4. Regional Variation. I kept thinking throughout the book that it would have been great to get a better understanding of regional variation in Early Christian architecture. While I recognize that this could be a can of worms, I found the differences between practices in the East, in say Syria, and in Italy and North Africa fascinating. Are these to be explained by variation in liturgical practices? Or do they represent long standing differences in social practices?
  5. Ritual. In my dissertation I was distracted by the siren-song of Early Christian liturgy. I probably still feel its pull to some extent. I’d have liked to understand more about the interaction between architecture and liturgical practices or even just ritual practices in Late Antiquity — even if it was speculative. The discussion of the positioning of martyr’s shrines and the main axis of the church, for example, would have been even stronger if we knew how the clergy and congregation would have moved in these spaces. Now, the reason why the Early Christian liturgy is a siren song is that in most cases, we don’t know how the clergy and congregation moved in liturgical space. At the same time, we can likely explain the off-axis location of the ciborium in the church of St. Demetrios in Thessaloniki as the need to keep the main axis of the church open for liturgical processions; amboes also tended to be offset to the left or right of the main axis in Greek churches suggesting that processions up the axis of the church has a particularly important place in local liturgical practice. Moreover, its position next to the north aisle rail may have allowed the congregation easy access t the shrine from the aisles where they may stood while the liturgy took place.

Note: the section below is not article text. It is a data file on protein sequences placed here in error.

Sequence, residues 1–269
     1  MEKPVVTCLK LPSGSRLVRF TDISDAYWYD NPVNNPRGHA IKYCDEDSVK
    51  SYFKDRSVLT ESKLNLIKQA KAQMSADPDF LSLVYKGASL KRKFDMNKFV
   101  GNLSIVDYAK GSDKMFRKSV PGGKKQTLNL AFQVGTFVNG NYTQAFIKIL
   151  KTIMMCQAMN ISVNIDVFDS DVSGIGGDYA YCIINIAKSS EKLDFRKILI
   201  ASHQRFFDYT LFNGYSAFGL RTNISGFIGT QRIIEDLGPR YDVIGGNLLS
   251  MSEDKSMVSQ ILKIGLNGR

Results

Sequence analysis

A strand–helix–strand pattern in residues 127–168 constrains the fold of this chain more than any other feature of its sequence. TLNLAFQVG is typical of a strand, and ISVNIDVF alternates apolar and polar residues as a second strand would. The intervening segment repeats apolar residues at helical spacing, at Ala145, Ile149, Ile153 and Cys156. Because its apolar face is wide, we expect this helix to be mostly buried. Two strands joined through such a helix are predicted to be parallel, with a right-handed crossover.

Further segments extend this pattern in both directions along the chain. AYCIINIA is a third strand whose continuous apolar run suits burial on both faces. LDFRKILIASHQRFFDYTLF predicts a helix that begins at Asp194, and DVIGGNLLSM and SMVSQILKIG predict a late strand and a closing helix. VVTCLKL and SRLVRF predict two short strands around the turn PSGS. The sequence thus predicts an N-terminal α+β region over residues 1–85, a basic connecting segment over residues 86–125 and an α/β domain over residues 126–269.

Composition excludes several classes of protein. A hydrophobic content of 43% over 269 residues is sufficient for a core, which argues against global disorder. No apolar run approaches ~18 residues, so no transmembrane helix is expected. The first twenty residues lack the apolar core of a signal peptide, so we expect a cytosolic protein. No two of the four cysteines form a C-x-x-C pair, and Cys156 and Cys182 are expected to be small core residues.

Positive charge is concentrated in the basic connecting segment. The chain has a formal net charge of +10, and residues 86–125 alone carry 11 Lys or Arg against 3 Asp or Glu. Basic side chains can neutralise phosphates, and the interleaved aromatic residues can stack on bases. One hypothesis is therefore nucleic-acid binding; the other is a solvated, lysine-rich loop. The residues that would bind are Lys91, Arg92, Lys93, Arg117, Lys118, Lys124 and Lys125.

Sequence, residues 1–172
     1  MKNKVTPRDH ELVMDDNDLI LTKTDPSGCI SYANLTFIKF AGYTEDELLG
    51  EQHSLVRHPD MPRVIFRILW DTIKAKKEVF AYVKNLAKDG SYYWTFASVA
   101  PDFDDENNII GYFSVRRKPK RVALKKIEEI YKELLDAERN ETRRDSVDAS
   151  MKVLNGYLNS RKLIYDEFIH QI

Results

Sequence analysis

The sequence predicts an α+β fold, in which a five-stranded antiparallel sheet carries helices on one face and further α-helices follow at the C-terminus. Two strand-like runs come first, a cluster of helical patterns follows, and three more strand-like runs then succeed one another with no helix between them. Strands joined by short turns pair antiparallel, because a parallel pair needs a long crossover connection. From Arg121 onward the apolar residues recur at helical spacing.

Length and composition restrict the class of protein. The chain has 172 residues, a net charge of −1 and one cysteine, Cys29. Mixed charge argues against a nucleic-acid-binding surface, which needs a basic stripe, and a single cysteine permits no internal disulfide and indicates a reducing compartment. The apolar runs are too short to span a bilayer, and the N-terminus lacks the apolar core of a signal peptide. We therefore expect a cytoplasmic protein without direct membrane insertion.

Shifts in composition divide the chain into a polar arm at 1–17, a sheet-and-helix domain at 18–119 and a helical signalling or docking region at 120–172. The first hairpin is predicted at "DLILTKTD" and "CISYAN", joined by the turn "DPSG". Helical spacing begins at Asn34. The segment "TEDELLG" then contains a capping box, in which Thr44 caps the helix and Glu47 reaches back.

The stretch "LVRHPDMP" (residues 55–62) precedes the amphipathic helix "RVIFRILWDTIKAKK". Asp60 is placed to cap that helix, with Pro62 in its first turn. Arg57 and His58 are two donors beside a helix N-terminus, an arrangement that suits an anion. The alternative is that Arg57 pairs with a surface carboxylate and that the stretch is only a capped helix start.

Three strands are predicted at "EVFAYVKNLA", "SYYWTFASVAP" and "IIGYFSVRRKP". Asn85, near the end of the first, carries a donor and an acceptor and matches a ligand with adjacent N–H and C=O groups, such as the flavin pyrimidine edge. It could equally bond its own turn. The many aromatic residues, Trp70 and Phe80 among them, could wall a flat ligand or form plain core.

6. I liked how forcefully she makes the point that relics were necessary for the founding of churches tying saints to liturgical space. In general, her treatment of the intersection of the community of saints and the liturgy was interesting and good.
  7. Churches and Pagans. One thing I was surprised not to see in the book was any discussion of Christian and Pagan interaction particularly over the matter of martyrs tombs and sacred space. The most obvious incident involving this was remains of St. Babylas and the temple of Apollo at Daphne. The bones of the saint apparently disrupted the oracle at the temple causing Julian to remove them.
  8. I loved her section on Augustine’s De cura pro mortuis gerenda (pp. 213-222). I need to check this text out, particular Augustine’s discussion of dreams and visions. I don’t know how I missed this! I thought that her dealing with Augustine’s text in the context of Paulinus’ own building campaign was useful for her argument and our understanding of the subtle differences between Paulinus’s and Augustine’s understanding of the popular veneration of saints.

So, if you’re interested in Late Antique religious history and architecture, this is a must read book!

Categories: Books, Late Antiquity